All African People’s Conference at 60 60th Anniversary Commemorations of the First All African People’s Conference December 5-13, 2018

The first All African People’s Conference (AAPC) commemoration December 5-8, organized by the University of Ghana Legon was an intellectual gathering bringing together intellectuals and activists to expound on the “Unfinished Business” of the First AAPC. The conference cosponsored by Lincoln University, Socialist Forum Ghana, All African Labor Federation and the host (UAGL) explored six themes: Peoples of Africa; Neo-colonialism and Imperialism; African Union and Agenda 2063; Emancipation of Women; Reparations and Restorative Justice; Global Warming.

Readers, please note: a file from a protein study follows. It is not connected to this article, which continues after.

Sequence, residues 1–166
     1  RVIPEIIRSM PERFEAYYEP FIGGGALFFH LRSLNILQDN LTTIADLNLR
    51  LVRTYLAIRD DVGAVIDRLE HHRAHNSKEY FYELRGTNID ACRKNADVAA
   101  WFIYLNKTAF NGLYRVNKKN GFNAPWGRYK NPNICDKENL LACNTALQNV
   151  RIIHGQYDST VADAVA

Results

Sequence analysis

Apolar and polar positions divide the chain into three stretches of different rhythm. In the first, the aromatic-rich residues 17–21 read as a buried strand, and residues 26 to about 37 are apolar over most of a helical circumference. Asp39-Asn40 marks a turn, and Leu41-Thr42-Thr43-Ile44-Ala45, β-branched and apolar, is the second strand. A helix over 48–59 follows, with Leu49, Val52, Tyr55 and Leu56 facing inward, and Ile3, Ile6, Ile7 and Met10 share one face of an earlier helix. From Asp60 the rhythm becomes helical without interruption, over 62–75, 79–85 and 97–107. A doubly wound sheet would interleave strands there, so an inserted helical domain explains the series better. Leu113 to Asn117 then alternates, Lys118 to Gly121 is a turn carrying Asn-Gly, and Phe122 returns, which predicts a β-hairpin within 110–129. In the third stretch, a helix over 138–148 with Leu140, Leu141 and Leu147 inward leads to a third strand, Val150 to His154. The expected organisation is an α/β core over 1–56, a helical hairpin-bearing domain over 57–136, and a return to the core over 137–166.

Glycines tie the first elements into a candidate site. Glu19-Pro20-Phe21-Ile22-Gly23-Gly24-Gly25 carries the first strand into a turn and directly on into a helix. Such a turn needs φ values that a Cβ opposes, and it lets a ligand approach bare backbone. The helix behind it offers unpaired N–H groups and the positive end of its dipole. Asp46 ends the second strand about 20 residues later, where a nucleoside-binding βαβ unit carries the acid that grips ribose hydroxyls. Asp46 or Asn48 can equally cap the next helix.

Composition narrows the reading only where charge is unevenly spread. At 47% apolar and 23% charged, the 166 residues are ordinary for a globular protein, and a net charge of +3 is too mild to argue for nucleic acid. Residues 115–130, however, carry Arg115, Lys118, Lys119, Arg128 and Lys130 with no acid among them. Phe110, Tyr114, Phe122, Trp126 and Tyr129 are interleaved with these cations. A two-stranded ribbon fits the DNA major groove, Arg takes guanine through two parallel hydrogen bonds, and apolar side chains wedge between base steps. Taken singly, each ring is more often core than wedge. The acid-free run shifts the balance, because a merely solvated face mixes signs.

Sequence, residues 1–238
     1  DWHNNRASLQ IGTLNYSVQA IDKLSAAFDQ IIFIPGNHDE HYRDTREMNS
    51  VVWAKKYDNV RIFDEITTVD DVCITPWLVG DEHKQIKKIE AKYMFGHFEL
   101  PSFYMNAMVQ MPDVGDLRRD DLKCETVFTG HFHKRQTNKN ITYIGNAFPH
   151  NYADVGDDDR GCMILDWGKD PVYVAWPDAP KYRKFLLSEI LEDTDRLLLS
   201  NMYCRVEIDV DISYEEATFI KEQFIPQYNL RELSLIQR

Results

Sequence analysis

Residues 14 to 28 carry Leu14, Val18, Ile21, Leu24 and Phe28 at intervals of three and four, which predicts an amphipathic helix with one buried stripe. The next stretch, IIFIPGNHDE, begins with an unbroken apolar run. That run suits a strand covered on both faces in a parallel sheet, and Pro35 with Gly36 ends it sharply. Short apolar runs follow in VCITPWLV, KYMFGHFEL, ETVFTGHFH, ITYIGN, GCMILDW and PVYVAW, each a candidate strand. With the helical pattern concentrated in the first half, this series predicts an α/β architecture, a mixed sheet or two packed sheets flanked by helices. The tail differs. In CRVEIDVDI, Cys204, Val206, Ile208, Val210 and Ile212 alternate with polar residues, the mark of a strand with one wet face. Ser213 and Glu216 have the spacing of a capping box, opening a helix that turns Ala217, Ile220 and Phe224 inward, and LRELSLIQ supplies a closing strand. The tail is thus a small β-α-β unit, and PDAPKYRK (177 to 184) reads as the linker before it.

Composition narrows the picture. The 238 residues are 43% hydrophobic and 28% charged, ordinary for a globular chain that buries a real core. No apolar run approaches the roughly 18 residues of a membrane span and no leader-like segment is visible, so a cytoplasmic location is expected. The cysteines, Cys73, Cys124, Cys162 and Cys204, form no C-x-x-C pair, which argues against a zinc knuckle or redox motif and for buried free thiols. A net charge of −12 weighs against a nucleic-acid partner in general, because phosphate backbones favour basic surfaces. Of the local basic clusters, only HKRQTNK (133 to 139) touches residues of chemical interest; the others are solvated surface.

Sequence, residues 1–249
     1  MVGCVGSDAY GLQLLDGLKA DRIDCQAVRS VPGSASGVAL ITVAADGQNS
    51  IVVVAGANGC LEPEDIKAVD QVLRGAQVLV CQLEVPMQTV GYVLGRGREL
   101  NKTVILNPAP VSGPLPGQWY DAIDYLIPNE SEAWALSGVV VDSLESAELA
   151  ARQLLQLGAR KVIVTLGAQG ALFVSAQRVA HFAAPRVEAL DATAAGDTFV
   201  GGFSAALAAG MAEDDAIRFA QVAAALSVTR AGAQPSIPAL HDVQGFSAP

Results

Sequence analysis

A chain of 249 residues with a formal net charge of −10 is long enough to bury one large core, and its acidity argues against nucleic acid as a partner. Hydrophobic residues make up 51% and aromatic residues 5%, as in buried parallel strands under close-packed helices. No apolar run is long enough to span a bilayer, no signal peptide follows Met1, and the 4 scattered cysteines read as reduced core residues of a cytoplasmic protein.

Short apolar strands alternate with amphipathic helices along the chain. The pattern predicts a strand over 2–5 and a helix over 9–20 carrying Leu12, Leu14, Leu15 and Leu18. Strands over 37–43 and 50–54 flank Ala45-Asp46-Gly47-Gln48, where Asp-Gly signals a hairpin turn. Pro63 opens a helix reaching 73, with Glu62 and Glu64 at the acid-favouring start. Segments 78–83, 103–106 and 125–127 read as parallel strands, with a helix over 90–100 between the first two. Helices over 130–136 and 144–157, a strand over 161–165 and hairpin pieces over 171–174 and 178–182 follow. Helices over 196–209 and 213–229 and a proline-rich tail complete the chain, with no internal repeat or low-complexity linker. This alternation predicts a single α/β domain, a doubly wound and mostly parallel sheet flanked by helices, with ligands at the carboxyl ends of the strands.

The conference awakened a historical perspective of the AAPC to a new generation and debated the relevance of those deliverances today to the pan-African movement. The commemoration was great, very useful and worth attending. They assembled a truly pan-African grouping of young intellectuals, workers, activists, revolutionary organizers, progressive/revolutionary feminists and revolutionary/progressive scholars from across the continent and the African Diaspora. The mobilization effort was highlighted by the contingent from Burkina Faso who fought through obstacles but refused to turn back arriving on the third day.  But as my elder comrade revolutionary Pan-Africanist of All-African People’s Revolutionary Party Guinea Conakry, Bob Brown said while receiving his Legacy award at the event, I paraphrase, the First AAPC only had 200 or so delegates but represented millions of people in political parties, liberation movements, trade unions, and peasant organizations across the continent. The First AAPC assembled Pan-African organizers from around the globe including Shirley DuBois. Imagine the theoretical architects and actual freedom fighters of the national liberation struggle assembled together to coordinate their energies against colonialism and settler-colonialism: Kwame Nkrumah, Franz Fanon, Patrice Lumumba. This was the first pan-African conference held on African soil.